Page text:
Investing in the countryside

The Prince's Countryside Trust makes grants available to help rural communities

The Prince's Countryside Trust makes grants available to help rural communities - Credit: Archant

Exmoor farmers are among those who will benefit from a new round of funding by the Prince’s Countryside Fund

The Prince’s Countryside Fund, a charity which strives to secure a sustainable future for the British countryside and wider rural economy, has announced an investment of over £575,000 in 12 valuable rural projects across the UK.

Having already contributed £3.3million in grants in the three years since its inception, the latest round of funding from The Prince’s Countryside Fund is being allocated to projects and organisations which address five key issues facing rural Britain; low farming incomes, rural isolation, lack of access to training, decline of rural communities and disconnect with the countryside. Two of the projects receiving help are included here.

Victoria Elms, Manager at The Prince’s Countryside Fund, explains: “These grants will support the people, organisations and communities working tirelessly to preserve and ensure the long term sustainability of British farming, agriculture and the wider rural economy. With the help of our

admirable supporting companies, it’s a great achievement for The Prince’s Countryside Fund to be able to support so many excellent projects which collectively will benefit over 64,000 people

“The countryside is one our greatest assets, with 70% of our drinking water coming from the UK’s upland areas and 60% of the UK’s food being grown

domestically. In the next 50 years we will have to produce more food than we have in the last 10,000, and we hope that educating children in sustainable food and drink production, giving young people the skills and training needed to continue rural careers and investing in the viability of farm businesses will go a long way to achieving that.”

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Since 2010, The Prince’s Countryside Fund has given grants to support 127 rural communities by improving service provision, 3,006 farm businesses through funding projects that work directly with farmers to improve efficiency and profitability and 792 rural enterprises through supporting innovative rural business projects. A total of 2,492 young people have benefitted from projects offering training opportunities and 18,000 children will be educated in food and farming in a sustainable countryside.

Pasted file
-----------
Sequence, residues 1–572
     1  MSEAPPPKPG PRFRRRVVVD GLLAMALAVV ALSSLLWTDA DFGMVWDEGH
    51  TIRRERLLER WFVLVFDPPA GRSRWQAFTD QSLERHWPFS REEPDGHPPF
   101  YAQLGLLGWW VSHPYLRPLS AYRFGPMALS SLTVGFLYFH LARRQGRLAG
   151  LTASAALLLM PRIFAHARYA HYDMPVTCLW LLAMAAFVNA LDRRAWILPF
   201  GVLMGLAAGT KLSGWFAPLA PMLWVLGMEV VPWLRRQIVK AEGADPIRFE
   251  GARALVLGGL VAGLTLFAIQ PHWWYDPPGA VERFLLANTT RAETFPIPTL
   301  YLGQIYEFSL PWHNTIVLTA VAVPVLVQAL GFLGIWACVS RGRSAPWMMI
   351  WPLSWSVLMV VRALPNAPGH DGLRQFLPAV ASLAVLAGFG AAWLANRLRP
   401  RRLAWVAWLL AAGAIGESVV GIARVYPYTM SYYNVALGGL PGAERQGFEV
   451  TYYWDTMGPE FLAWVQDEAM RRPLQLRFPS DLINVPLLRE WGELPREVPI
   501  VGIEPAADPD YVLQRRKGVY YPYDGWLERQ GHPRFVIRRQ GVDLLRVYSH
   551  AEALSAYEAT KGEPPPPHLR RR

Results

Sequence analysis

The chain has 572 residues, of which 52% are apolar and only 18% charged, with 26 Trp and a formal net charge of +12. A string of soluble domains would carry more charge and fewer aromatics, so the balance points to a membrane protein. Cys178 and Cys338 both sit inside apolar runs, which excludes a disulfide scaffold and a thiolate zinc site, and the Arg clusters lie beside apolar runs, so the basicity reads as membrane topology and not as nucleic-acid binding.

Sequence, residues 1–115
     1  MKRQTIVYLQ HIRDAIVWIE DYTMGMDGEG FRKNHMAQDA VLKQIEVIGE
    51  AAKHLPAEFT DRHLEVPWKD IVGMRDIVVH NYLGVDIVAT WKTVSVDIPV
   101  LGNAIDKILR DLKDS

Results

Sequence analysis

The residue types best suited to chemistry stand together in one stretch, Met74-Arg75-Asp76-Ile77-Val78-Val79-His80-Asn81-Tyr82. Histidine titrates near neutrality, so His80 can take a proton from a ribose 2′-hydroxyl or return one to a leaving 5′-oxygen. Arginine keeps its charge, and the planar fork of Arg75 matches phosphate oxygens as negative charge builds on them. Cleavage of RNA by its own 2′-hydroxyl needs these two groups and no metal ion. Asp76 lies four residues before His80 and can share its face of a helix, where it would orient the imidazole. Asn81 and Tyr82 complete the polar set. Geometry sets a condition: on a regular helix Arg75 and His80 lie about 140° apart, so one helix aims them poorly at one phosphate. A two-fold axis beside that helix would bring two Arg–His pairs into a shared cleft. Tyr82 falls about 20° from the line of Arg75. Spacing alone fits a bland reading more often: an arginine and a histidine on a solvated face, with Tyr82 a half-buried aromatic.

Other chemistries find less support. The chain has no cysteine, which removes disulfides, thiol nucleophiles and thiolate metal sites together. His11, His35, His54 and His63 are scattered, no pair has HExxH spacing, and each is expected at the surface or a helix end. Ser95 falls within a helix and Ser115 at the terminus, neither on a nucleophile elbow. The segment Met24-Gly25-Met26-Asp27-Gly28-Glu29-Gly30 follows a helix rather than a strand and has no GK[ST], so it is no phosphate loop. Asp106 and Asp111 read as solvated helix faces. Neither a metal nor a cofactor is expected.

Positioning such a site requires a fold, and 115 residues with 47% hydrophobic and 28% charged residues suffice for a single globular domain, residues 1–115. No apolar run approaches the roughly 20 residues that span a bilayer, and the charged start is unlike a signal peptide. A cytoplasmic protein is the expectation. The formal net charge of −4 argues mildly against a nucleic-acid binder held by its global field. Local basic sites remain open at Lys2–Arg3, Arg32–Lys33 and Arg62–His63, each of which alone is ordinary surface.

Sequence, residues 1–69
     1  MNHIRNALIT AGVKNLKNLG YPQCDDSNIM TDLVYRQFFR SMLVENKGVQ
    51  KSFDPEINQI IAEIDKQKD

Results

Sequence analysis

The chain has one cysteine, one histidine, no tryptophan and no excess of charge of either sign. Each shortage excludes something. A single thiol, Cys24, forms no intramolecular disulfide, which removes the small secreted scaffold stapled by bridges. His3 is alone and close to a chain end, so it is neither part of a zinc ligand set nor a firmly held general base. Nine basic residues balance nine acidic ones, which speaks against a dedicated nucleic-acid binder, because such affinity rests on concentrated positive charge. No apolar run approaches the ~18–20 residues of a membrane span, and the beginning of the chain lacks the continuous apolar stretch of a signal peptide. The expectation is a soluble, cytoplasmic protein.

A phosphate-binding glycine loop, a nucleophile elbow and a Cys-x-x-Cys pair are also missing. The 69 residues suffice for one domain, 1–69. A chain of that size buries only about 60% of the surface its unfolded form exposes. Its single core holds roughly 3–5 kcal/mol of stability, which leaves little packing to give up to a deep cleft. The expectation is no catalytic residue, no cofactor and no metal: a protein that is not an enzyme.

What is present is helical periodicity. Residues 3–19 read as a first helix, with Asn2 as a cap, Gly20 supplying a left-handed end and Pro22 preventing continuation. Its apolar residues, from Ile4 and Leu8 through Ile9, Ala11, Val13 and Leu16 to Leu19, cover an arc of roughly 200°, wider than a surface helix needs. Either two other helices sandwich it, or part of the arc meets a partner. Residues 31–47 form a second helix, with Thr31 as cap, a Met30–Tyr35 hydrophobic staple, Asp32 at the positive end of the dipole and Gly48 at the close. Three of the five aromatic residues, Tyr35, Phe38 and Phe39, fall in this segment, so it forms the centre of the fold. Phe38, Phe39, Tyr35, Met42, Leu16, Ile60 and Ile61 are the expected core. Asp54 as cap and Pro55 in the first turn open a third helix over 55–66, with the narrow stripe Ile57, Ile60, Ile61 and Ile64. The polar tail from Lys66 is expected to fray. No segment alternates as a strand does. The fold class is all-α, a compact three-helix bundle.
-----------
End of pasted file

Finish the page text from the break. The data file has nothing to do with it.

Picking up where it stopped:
Where the grants go:

North Devon+ (Addresses: Low Farming Incomes) £49,994

North Devon + is an economic development company supported by the public and private sectors; its aim is to regenerate communities and promote economic development in North Devon. The purpose of the project is to improve the viability and efficiency of Exmoor farming businesses through knowledge transfer, training and peer support groups. A project coordinator will organise a range of training and group support activities; these will be

practical sessions and on-farm visits and cover soil and grassland management, livestock health, business skills and environmental farming. 250 farmers will benefit, and there will be specific training events for 20 young people through the Next Generation programme and 40 women via the ‘Women in Farming’ group.

FACE (Addresses: Disconnect with the countryside) £150,000

The aim of FACE is to educate children and young people about food and farming in a sustainable countryside. It is a nationwide charity and 150 schools and 9,000 young people in areas of economic disadvantage will benefit.

The public can make a donation online at Virgin Giving, at the Post Office or by text. Text PCF to 70300 and a £3 donation will be made to The Prince’s Countryside Fund.

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